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CITY OF BANS: Columbia's Top Ten Prohibitions

Has "Let's Ban Shit" become the new city motto?


COLUMBIA, Mo 02/10/15 (Beat Byte) -- Has Columbia the Progressive become Columbia the Oppressive?   When two conservative Republican state legislators start questioning city policy, that may be a question worth asking. 

Just as Columbia is gearing up to ban plastic grocery bags, Rep. Dan Shaul wants the Missouri legislature to ban plastic bag bans.  His House Bill 722 would allow something that's becoming an endangered species in CoMo:  Choice.  Merchants around Missouri could let consumers choose paper or plastic -- by law.  Call it "mandatory choice".   

Closer to home, Columbia Republican Caleb Rowden wants the state to ban Ban the Box, the most significant piece of crime-fighting legislation Columbia has passed in decades -- or so members of Mayor Bob McDavid's "community violence task force" would have us believe.  They proposed and supported the measure -- which prevents local employers from asking about past crimes on job applications -- through to its passage by the Columbia City Council last year.   

Banning job application boxes and plastic bags are only two of many prohibitions Council members have considered or passed within the last decade.  Banning shit, in fact, has become one of the most popular policy roles at the Council level, perhaps because bans are so easily understood.   But all the bans may be pushing Columbia onto the fringes of state -- and even national -- life. 

Herein, Columbia's Top Ten Prohibitions, passed or proposed. 

10.  Uber.  Until City Hall enacts what many consider the draconian regulations other taxi companies must abide, using the popular ride share program is PROHIBITED in Columbia.  

9.  Alcohol in Douglass Park.   Roundly panned and ultimately quashed for its racist overtones -- Douglass is a popular hangout for Columbia's black community -- this proposed prohibition helped force First Ward Councilwoman Ginny Chadwick from office.  

8.  Skateboarding.   Footloose featured a Midwestern town that had banned dancing.  And until it was repealed in 2011, Columbia banned skateboarding downtown.   May be the only CoMo ban ever repealed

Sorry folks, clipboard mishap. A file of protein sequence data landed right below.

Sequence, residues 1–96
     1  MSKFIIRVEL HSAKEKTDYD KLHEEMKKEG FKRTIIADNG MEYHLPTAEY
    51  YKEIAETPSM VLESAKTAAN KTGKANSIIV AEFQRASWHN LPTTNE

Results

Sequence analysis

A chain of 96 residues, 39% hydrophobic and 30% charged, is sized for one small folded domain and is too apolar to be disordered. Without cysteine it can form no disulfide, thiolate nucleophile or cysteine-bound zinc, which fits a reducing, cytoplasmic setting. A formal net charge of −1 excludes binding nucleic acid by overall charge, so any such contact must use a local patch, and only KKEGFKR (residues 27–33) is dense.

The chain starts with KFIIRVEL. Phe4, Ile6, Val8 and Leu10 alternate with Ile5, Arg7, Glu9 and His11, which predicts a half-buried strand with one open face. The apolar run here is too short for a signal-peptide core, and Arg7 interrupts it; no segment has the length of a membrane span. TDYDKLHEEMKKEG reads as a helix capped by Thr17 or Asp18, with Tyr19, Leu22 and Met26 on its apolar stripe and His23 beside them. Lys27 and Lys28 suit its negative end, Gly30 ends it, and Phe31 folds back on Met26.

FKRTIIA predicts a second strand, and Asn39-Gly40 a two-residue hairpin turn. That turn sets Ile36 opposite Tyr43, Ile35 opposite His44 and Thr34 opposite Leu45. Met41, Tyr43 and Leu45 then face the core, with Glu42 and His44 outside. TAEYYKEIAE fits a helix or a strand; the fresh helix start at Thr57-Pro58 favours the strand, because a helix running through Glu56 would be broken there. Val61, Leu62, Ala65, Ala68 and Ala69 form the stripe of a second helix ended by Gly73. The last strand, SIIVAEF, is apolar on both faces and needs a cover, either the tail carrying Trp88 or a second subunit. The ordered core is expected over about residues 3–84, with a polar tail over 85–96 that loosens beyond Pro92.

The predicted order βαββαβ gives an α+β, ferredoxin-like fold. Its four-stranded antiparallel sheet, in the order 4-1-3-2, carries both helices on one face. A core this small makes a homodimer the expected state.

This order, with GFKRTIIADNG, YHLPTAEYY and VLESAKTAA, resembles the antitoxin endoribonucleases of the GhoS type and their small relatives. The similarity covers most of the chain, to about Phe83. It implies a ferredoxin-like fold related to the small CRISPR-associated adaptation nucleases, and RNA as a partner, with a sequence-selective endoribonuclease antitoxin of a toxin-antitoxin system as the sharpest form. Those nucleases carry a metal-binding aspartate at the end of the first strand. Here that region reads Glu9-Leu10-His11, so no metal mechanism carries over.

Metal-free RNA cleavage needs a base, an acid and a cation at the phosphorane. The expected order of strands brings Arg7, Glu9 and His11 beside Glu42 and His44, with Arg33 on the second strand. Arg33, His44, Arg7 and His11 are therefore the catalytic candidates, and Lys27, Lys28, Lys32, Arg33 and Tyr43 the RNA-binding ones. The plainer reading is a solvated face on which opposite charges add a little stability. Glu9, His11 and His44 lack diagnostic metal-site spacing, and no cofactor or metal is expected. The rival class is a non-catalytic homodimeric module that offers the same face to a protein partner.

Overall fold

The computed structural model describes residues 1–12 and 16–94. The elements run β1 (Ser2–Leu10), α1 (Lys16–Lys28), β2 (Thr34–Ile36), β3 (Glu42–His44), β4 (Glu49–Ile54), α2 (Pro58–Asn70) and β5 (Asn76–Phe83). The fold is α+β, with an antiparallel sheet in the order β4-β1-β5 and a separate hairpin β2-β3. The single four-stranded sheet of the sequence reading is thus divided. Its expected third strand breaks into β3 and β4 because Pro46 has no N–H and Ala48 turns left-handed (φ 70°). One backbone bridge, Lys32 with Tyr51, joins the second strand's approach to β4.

7.  Small grow operations.   Despite a Council bill to decriminalize the practice, growing up to two marijuana plants in Columbia is PROHIBITED.    Chadwick's vote to continue the prohibition -- despite a contrary campaign promise -- sparked the movement that led to her
ouster. 

6.  Constituents on social media.   Yet another notorious piece of the Ginny Chadwick legacy:  banning dissenters and critics from her Facebook page.   Columbia School Board Member Jonathan Sessions and City Councilman Fred Schmidt banned this publication from their Facebook pages during the Blight debate; and Mayor Bob McDavid blocked us from his Twitter feed.  Perhaps bans are in the water -- or Kool-Aid -- CoMo politicians drink.  

5.  Lighted signs. 
Prompted by complaints over the giant AW Smith law offices sign at Broadway and Stadium, the Columbia City Council banned lighted signs.  

 

4.  Smoking under 21. 
In December, the Columbia City Council banned the sale of tobacco products and e-cigarettes to anyone under 21.   The Council also added e-cigarettes to the city’s tobacco smoking ban. 

4.1  Smoking in public housing.  A sub-ban from a lower-level city agency, the Columbia Housing Auth
ority banned smoking in public housing in November.   "People ought to be able to smoke in their own house," said Dave Dollens, a Paquin Tower resident and Housing Authority board member.    Not if you're poor and live in Columbia. 

3.  Plastic grocery bags.   A PROPOSED prohibition on plastic grocery bags.  But if chatter at the Columbia Daily Tribune site is any guide, plastic newspaper wrappers must be included, too.  Clogging storm drains and littering streets, they make a far bigger mess hereabouts.  

2.  The Box.    In December, Columbia became the first Missouri city to approve a ban on local employers asking about a job applicant's criminal background.  Employers may perform criminal background checks, but only after making a job offer.  Sold as a signature piece of crime-fighting legislation -- presumably because employment reduces recidivism -- Ban the Box has mostly been greeted for what it is -- more banned shit.    

1.  Smoking.  The grand-daddy ban of them all, Columbia's smoking ban took effect in 2007. 
The Columbia City Council banned smoking in all workplaces, including bars and restaurants.   Columbia is one of 23 Missouri cities to enact a comprehensive smoking ban.  Missouri is one of ten states with no statewide smoking ban. 


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